To judge from the responses received back in 2014, we may say: There seem to be two opinions among the experts about why the bell itself is currently unavailable for inspection. One that it is still at Etchmiadzin Cathedral, but placed in storage somewhere. The other that a public address system was installed and the bells (the Tibetan bell presumably among them) subsequently distributed to churches in other parts of Armenia. My general impression is that for Armenians today, the existence of the Tibetan bell is a matter for pride, and one more indication among many of the wide-ranging activities of their ancestors.


A conclusion for the time being


If we were to draw analogies between philology and archaeology — and I think doing so could make very good sense — I would say that paleography is the pottery analysis of the text philologist. Together with the paper-and-ink analyses now gaining in popularity, paleography can prove a powerful tool for dating physical manuscripts and inscriptions, similar to the dating of archaeological strata through pottery. No serious paleography can be done on Armenia’s Tibetan bell inscription without first having an accurate record of the letters and their very shapes. This is the primary motive for our bell quest. Similar to paper-and-ink analyses, we might add, a 21st-century metallurgical analysis of the Armenian bell could allow certain conclusions about the places where the metal was mined. How unfortunate it is for us that the possibility of paleographical and metallurgical findings seems to have receded out of our reach.

Holy objects present us with the ever-mysterious numen normally out of our grasp in our everyday lives, but they may be the very things that make us hold on to religions as tightly as we do. As objects, they persistently present themselves to us, as if they possessed the formed solidity of text-book materiality, Aristotle’s forma et materia forever superglued together. Some objects are hard to ignore and demand our attention. Out-of-place objects particularly so.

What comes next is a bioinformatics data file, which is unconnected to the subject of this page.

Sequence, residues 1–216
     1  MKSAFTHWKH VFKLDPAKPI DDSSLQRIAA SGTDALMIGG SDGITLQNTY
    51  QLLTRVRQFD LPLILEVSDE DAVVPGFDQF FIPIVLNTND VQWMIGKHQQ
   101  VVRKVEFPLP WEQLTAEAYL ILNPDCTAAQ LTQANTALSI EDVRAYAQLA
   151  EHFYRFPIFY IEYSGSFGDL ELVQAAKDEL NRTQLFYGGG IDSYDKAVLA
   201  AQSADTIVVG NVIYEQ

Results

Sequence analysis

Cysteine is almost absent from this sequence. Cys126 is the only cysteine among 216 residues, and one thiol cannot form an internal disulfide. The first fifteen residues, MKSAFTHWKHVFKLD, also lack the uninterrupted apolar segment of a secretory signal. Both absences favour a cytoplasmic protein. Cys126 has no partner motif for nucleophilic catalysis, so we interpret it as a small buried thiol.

Armenia’s Tibetan Bell bears on its surface an inscription identifying it as a consecrated Buddhist object, made holy through a consecration ritual. And what is consecration but a ritual agreement that with all the odds against it happening the holy can indeed be localized within the most material of things.* And there are reasons this unholy and theologically improbable union should be regarded as helpful.

(*See King Solomon's speech at the consecration of the Jerusalem temple in II Chronicles 6:18 where he brings up exactly this kind of objection.)

Out-of-place artifacts — and I think our Tibet Bell in an Armenian church must surely be seen as an example — threaten our normative academic discourses of difference and belonging. They are matter out of place, so to speak. They violate the normative philological principle of ‘fit’ (the demand that a new bit of evidence can only be accepted in evidence if it fits within a range of earlier well-established evidence). They seem to say, No more business as usual, it’s time for a change of view.

And in the case of our bell, despite all the objective materiality it ought to have, it remains elusive and untouchable, perhaps even hidden from our eyes, our touch, and most significant of all, our hearing. We can only hope that this out-of-place artifact turned mis-placed artifact will turn up soon to help us answer the remaining questions burning in our minds. Until then, I guess we can give the quest a short rest.













Some literature:

The blog called “The Last Yak,” entry dated November 3, 2010: How do You Spell Oṃ Maṇi Padme Hūṃ Anyway?

Yael Bentor, Consecration of Images and Stûpas in Indo-Tibetan Tantric Buddhism, Brill (Leiden 1996).

Tsuguhito Takeuchi, Glegs tshas: Writing Boards of Chinese Scribes in Tibetan-Ruled Dunhuang, contained in: Brandon Dotson, Kazushi Iwao and Tsuguhito Takeuchi, eds., Scribes, Texts, and Rituals in Early Tibet and Dunhuang, Reichert Verlag (Wiesbaden 2012), pp. 101-109, 150-153. 


A hare on a bell?  A highly curious modern sculpture to be seen in Yerevan, at the cascades.
Could this be a clue in favor of Hulegu?